NATO’s Stoltenberg defends stance on Turkey’s offensive in Syria

LONDON (Reuters) – NATO Secretary General Jens Stoltenberg on Monday defended his stance on Turkey’s attack on Kurdish militants in northeastern Syria as he came under pressure from some members of the NATO Parliamentary Assembly to be tougher with Ankara.

NATO Secretary-General Jens Stoltenberg attends a news conference in Istanbul, Turkey, October 11, 2019. REUTERS/Huseyin Aldemir

Splits in the military alliance have emerged after NATO member Turkey began its offensive in Syria last week, with the governments of EU countries that are also NATO members suspending weapon sales to Turkey.

Appearing in London at a plenary session of the NATO Parliamentary Assembly, a body made up of delegates from the legislatures of member states, Stoltenberg said he had expressed deep concerns to Turkish President Tayyip Erdogan when he saw him in Istanbul on Friday.

Stoltenberg said he had told Erdogan and his foreign minister, Mevlut Cavusoglu, that Turkey’s military operations in northern Syria risked further destabilizing the region, escalating tensions and causing more human suffering.

“I expect Turkey to act with restraint and in coordination with other allies so that we can preserve the gains we have made against our common enemy, Daesh (Islamic State),” he said, adding that one imminent concern was that captive fighters from the jihadist group should not be allowed to escape.

But during a question-and-answer session after his speech, Stoltenberg faced robust remarks from several delegates, particularly those from France and Belgium, both countries where deadly attacks linked to Islamic State have taken place.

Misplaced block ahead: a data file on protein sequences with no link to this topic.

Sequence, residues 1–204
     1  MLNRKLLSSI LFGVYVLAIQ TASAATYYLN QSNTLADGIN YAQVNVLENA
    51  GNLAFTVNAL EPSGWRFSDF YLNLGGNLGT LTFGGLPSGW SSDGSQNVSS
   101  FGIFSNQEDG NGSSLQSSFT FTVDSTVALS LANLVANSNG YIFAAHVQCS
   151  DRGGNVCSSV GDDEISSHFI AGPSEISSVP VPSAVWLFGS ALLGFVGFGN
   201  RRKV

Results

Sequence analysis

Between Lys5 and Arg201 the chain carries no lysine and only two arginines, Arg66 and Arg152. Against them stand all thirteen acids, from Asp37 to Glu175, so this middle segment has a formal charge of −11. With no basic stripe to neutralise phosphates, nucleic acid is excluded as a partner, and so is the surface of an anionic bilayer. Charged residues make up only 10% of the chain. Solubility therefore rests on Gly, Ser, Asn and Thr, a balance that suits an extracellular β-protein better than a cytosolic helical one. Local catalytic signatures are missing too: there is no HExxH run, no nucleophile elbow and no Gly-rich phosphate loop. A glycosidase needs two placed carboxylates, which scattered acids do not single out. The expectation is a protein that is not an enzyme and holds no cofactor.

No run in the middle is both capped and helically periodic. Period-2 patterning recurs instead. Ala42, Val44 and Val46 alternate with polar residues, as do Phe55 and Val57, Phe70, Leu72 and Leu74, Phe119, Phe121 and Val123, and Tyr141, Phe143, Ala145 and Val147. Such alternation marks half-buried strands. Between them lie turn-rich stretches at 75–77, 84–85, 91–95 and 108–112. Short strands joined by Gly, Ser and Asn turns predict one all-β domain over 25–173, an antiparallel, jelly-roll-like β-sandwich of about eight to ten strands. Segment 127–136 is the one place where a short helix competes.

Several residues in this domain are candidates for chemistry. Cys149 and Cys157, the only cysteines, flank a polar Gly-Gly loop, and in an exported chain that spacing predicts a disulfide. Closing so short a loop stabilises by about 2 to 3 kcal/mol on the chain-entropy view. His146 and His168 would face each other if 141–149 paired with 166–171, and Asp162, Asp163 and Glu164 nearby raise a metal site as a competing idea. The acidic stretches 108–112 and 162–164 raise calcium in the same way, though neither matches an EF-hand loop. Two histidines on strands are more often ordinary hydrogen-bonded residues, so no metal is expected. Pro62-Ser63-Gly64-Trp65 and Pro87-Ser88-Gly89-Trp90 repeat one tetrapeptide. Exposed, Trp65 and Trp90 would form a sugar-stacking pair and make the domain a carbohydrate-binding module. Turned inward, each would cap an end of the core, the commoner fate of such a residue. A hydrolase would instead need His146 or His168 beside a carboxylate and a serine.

Christian Cambon, a member of the French Senate, said the situation was unacceptable and suggested that Stoltenberg was being too soft on Turkey.

“We were surprised by the tone of your statement in Istanbul, I have to tell you. Was that in consultation with our great American ally?” Cambon asked, to applause from some of the other delegates.

He was referring to President Donald Trump’s abrupt decision to pull U.S. troops out of northeastern Syria, which was the catalyst for the Turkish offensive. Ankara views the YPG Kurdish militia in northern Syria as terrorists linked to a Kurdish insurgency being waged inside Turkey.


U.S. and Kurdish troops previously fought together against the Islamic State, and the Kurds have accused Trump of stabbing them in the back.

Cambon called on the North Atlantic Council, NATO’s main decision-making body, to convene. He said it should “speak loudly and clearly in defense of the values of democracy and peace that characterize NATO’s work”.

In response, Stoltenberg reiterated that he had expressed his deep concerns during his meetings in Istanbul.

“The only way you can understand what is going on there is also to understand the important role Turkey has played,” said Stoltenberg, a former Norwegian prime minister.

“Turkey is important for NATO. It has proven important in many ways, not least in the fight against Daesh. We have used, as NATO allies, the global coalition, all of us have used infrastructure in Turkey, bases in Turkey in our operations to defeat Daesh.

“And that’s exactly one of the reasons why I’m concerned about what is going on now. Because we risk undermining the unity we need in the fight against Daesh.”

Reporting by Estelle Shirbon and Alistair Smout; Editing by Gareth Jones

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